In a break from parliamentary tradition, Myanmar's pro-democracy icon Aung San Suu Kyi [ Images ] will later this month be accorded the rare honour of addressing members in the historic Westminster Hall, which is reserved for iconic current or former heads of state.
Objections to inviting her to the Westminster Hall were reportedly raised by parliamentary officials, who offered the smaller and less prestigious Royal Gallery in the House of Lords for her address.
However, the objections were strongly overruled by House of Commons speaker John Bercow, supported by Prime Minister David Cameron [ Images ] and Foreign secretary William Hague.
Suu Kyi, who is neither a former or current head of state, will be the first such individual to deliver an address in the Westminster Hall, which is traditionally reserved for the most iconic heads of state, such as Nelson Mandela [ Images ].
The most recent head of state accorded the honour was United States President Barack Obama [ Images ] during his visit here last year. Others who were accommodated in the Royal Gallery instead of the Westminster Hall include former Russian president Nikita Khrushchev, US presidents Ronald Reagan and Bill Clinton [ Images ] and French presidents Francois Mitterrand, Jacques Chirac [ Images ] and Nicolas Sarkozy [ Images ].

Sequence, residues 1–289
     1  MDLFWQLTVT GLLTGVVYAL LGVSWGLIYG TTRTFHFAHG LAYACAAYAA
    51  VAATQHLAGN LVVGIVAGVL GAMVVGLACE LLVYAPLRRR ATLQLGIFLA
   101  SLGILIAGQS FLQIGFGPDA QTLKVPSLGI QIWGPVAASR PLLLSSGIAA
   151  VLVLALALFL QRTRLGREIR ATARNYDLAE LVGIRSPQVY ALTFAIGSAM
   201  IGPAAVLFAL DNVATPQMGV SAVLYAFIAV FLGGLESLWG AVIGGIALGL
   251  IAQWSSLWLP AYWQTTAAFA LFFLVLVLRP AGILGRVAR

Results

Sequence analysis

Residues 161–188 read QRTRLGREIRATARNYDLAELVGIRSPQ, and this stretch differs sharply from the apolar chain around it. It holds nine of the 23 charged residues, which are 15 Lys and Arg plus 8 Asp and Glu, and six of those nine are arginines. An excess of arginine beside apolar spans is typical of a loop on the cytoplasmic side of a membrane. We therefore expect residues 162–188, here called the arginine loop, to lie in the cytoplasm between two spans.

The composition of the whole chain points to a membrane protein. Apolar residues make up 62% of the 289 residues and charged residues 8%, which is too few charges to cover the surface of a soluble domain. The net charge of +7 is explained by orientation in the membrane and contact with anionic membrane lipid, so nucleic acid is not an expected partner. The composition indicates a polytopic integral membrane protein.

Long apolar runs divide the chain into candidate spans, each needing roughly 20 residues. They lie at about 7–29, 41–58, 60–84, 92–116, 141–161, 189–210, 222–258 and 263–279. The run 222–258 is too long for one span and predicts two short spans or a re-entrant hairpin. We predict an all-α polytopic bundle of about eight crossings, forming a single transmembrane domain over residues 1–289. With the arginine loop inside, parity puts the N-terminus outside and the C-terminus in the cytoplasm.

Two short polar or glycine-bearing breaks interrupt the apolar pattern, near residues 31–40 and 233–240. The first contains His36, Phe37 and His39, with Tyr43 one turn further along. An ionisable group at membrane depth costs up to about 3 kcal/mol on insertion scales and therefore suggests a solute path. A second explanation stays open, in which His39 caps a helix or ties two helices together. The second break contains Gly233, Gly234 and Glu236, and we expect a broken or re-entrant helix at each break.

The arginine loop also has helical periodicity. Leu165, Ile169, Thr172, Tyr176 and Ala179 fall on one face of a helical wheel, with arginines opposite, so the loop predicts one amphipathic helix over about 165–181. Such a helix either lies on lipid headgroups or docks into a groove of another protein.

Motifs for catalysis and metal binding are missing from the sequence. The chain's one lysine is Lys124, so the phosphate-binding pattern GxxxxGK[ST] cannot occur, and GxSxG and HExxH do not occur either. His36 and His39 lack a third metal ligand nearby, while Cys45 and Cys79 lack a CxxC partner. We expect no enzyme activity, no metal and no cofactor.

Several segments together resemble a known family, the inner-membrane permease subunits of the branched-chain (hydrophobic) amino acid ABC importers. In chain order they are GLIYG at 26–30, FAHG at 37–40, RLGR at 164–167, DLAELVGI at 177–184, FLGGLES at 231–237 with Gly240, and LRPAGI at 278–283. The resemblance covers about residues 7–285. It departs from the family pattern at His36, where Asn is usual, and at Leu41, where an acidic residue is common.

Westminster Hall, the oldest building on the parliamentary estate, has had a central role in British history. Major institutions of the British state -- parliament, the law courts and various government offices -- grew around the Hall over centuries.
Closely involved in the life of the nation since the 11th century, a journey through the Hall's past is considered a journey through 900 fascinating years of Britain's history. Cameron invited Suu Kyi to visit Britain during his visit to Burma in April.
During her visit here later this month, she is also expected to travel to her "beloved Oxford", where the university will honour her with a honorary doctorate in Civil Law, announced in 1993.
Suu Kyi studied, married and lived in Oxford for many years until 1988, when she left for Myanmar to visit her ailing mother. She is an honorary fellow of St Hugh's College, Oxford and of St Antony's College, Oxford, and patron of the International Gender Studies Centre in Oxford's Department of International Development.